Q: Please if you can introduce yourself:
A: I am a whistleblower activist from Serbia and I would like to stay anonymous.
Q: what is your personal view about the position of whistleblowers in Serbia?
A: Whistleblowing as a concept is considered dangerous and undesirable in Serbia. Since Serbia’s justice system is weak and corrupted, people who dare to point a finger on corruption in their working environment can rarely count on winning their case on the court of law. Tools of democracy in Serbia are weak and Serbia is not considered a free country, so there are many well developed ways of revenging to a whistleblower and condemning them to a life without existential or material support.
Extremely corrupted system such as Serbia is in fear of anyone willing to expose its mechanisms of corruption so revenge towards whistleblowers is fierce and it usually involves threats, job loses, pressures, public defamation, intimidation of whistleblower’s family and friends, false lawsuits against whistleblowers and, even, as seen in recent times, unlawful arrest and imprisonment of whistleblowers.
Up until recent times and Aleksandar Obradovic’s case, broader public was not even aware of the whistleblowing as a concept and its definition. Even some prominent and educated journalists and politicians did not understand what whistleblowing is.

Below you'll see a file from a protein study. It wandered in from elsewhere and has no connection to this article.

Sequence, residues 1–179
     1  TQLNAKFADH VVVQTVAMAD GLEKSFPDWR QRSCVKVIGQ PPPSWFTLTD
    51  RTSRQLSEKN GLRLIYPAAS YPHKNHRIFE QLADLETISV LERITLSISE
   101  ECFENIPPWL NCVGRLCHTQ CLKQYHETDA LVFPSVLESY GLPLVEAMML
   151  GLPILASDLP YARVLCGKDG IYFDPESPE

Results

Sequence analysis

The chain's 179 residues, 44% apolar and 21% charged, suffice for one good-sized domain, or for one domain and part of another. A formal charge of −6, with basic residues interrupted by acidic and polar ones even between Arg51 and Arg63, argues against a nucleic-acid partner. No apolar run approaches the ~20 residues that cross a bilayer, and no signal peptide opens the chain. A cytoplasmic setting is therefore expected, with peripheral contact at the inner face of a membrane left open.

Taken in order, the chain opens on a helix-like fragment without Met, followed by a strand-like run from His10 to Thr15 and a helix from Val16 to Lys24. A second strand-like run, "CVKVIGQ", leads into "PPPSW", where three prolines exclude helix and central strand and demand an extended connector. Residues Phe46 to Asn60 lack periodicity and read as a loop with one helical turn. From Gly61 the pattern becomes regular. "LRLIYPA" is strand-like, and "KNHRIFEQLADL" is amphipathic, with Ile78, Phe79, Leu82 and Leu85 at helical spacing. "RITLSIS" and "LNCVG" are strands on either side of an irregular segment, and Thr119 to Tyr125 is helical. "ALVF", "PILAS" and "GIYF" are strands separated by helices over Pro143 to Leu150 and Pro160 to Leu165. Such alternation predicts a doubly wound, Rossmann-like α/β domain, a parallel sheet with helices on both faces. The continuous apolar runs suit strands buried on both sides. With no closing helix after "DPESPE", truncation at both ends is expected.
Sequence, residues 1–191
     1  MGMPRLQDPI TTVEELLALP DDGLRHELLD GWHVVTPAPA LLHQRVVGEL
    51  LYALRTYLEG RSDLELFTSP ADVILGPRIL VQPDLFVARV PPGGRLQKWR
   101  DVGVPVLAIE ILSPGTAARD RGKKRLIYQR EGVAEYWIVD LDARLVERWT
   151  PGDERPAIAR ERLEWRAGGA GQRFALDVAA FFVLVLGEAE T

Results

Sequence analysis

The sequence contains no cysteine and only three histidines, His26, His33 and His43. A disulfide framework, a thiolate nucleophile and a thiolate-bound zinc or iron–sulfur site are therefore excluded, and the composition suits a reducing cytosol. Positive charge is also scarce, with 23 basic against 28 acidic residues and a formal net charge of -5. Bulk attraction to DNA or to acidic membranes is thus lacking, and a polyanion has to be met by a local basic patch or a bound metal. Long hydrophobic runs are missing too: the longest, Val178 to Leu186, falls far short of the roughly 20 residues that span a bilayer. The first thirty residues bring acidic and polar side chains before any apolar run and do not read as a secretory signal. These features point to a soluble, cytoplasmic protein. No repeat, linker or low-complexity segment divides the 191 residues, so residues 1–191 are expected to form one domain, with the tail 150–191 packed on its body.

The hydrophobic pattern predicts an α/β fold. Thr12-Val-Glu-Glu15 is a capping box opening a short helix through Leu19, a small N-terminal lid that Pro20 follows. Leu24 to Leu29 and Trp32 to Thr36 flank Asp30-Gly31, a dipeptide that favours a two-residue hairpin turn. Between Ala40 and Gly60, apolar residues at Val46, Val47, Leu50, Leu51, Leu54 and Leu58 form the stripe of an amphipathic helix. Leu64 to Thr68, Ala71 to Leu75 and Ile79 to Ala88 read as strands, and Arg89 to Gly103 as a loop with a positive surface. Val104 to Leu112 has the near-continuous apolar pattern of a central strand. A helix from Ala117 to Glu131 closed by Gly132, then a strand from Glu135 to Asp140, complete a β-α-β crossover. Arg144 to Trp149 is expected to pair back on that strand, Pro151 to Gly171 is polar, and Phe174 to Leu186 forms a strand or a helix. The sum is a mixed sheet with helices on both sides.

There are few high profile whistleblowers who managed to win their cases at the court or they got their jobs back, but with great personal sacrifices and lose.
Q: How is the legal regulation of whistleblowers in Serbia?
A: The authors of the Law for protection of Whistleblowers like to point out that Serbian Law is one of the best in Europe and even across the world. Indeed, at first and uneducated glance, this Law seemingly covers all major weak points of whistleblowers’ protection. It contains strict and defined way of reporting corruption at workplace and the Republic Anti-Corruption Agency has a tool of protecting the whistleblower through giving them a special status which forbids punishment of the whistleblower. However, this Law has proved to have faults which were revealed in full capacity during the last whistleblower scandal in Serbia, when a whistleblower was arrested and held in illegal custody while having no right to claim a whistleblower status as he was accused of “unlawfully revealing state secret data to the public”. While Law for protection of Whistleblowers defines ways of reporting information on corruption through internal and external institutions and agencies, especially if this information contains protected or secret data, it does not say to whom or where to report irregularities when absolutely all, including highest state, institutions are corrupted. As it turns out, this Law does not protect when we have cases conducted by the highest state officials.
Q: How are state institutions protecting whistleblowers in Serbia?